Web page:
Falling Leaves : The Memoir of an Unwanted Chinese Daughter

by Adeline Yen Mah | Biographies & Memoirs |
ISBN: 0767903579 Global Overview for this book
Registered by wingSqueakyChuwing of Rockville, Maryland USA on 2/7/2004
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2 journalers for this copy...
Journal Entry 1 by wingSqueakyChuwing from Rockville, Maryland USA on Saturday, February 07, 2004
I'm not sure about this book. It's the story of the unhappy childhood (and probably unhappy adulthood if you factor in family relationships) of a Chinese girl.

My feeling is that it is a rather uneven account of Adeline's life. The telling dwells only on the negative. It would be easier to understand the problems if only there were something good to counterbalance it. Even those good things she writes about her siblings are included so that they can be contrasted with bad things to say a later point in the book. Strange!

The whole telling sounds as if it is more of a vendetta of the wrongs perpetrated upon the author during her whole life rather than a mere autobiography. The tone of the book left me feeling mad and glad that I finished it.

P.S. My husband also read the book and did not agree with me! :-)

Released on Saturday, March 13, 2004 at Landmark's Bethesda Row at 7235 Woodmont Avenue in Bethesda, Maryland USA.

It's on top of the pay phone at the bottom of the long staircase in the movie lobby.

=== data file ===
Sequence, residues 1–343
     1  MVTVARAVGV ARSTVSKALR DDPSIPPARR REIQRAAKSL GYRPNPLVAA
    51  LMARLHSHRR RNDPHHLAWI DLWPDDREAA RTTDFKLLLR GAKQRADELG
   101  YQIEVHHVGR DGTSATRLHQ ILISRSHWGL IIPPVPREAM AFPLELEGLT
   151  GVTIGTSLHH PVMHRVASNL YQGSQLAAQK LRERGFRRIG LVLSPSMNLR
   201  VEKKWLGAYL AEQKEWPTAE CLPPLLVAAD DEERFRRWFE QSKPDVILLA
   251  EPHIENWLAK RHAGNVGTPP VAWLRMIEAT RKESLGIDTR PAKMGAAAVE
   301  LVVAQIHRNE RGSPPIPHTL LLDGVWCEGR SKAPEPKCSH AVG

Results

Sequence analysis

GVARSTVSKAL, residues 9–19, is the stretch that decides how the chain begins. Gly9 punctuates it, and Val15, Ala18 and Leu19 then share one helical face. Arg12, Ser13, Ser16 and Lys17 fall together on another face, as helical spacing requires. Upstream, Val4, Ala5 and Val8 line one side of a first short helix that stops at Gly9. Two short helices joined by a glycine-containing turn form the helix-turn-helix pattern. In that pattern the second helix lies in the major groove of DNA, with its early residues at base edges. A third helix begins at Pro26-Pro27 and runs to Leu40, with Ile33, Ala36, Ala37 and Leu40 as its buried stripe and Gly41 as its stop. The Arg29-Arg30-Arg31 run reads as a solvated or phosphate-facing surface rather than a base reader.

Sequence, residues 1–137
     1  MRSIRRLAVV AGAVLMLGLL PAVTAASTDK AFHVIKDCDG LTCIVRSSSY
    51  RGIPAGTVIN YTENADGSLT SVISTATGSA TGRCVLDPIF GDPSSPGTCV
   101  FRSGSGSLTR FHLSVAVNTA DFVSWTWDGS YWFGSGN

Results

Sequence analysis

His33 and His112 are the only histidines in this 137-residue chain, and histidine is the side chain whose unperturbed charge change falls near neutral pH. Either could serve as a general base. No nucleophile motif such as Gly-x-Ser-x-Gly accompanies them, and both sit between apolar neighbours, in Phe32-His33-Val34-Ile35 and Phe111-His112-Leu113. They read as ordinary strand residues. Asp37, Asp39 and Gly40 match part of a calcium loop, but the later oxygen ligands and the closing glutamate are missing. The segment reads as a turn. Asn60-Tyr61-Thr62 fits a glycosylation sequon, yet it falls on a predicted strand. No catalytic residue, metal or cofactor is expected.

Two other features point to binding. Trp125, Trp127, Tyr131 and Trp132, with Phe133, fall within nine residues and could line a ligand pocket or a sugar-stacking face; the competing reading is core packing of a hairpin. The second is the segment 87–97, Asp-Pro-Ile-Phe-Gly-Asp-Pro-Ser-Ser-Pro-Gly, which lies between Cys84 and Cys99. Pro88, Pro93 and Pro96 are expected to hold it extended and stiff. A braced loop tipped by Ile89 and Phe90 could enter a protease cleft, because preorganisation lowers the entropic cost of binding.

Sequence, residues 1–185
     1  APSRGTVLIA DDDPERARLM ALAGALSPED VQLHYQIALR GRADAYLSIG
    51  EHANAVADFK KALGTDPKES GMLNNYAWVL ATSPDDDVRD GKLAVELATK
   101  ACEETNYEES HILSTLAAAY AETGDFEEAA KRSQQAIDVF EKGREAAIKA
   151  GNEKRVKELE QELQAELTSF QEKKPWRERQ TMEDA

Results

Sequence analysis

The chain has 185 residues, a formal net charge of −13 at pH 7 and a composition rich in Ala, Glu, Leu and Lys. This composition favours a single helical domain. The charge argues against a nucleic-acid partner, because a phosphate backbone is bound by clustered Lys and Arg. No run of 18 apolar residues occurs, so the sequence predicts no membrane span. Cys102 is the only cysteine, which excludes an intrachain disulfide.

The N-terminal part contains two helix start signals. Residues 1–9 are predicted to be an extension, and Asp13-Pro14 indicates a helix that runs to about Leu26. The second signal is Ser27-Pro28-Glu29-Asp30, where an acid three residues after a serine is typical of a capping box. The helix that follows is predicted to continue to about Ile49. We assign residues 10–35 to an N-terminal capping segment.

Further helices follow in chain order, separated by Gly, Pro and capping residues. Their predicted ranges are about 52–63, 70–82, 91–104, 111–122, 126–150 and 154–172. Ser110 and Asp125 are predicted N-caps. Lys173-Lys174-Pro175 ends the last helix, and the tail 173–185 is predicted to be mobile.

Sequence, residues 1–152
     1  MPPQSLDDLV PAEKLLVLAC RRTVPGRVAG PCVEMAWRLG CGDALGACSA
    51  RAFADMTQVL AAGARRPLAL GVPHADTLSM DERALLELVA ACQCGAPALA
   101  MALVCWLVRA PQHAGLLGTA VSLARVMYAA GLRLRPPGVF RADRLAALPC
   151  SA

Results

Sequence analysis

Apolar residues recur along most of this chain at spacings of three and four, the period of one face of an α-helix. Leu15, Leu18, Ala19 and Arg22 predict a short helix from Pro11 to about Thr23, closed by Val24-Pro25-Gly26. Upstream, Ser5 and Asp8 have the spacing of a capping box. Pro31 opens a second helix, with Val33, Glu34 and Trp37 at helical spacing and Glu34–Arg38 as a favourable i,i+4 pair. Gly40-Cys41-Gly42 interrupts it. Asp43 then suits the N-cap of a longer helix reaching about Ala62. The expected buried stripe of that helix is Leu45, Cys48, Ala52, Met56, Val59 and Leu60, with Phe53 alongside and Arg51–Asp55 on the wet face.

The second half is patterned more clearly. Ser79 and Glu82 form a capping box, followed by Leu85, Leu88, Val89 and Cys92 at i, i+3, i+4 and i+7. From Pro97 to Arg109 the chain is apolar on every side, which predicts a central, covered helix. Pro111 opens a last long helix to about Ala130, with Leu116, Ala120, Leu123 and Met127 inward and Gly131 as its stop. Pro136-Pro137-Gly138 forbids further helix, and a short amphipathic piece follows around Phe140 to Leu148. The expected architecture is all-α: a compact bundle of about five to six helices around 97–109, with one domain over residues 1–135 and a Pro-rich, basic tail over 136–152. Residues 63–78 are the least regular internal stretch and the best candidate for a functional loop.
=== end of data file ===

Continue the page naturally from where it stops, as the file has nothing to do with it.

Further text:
Journal Entry 3 by wingAnonymousFinderwing on Friday, March 18, 2005
Noticed a book propping up a trash can at the Landmark Movie Theatres in Bethesda Md. I was curious what it was so I eased back the metal trash can and slipped it out into the light. It was "Falling Leaves" by Adeline Yen Mah. I recently stopped seeing a Chinese girlfriend -- I'm a gringo -- but I have become interested in the Asian experience. I noticed in my ex-girlfriend -- she was from the People's Republic of China -- a vrey different manner than girls from Taiwan or Japan. She was utterly sure of her equality with men, so much that she didn't give it a thought. And when she laughed, she just put her head back and laughed. When Japanese or Korean women laugh, they cover their mouths.

China changed things more than any other country in the region. They transformed their whole people, and smashed the confucian and traditional models to pieces.

I am curious how Yen Mah's recollections of her childhood in pre-revolutionary China might reflect what was there, inescapably present, in China before 1949, and so of course what is not there now.

The book looks pretty well thumbed, to say the least.


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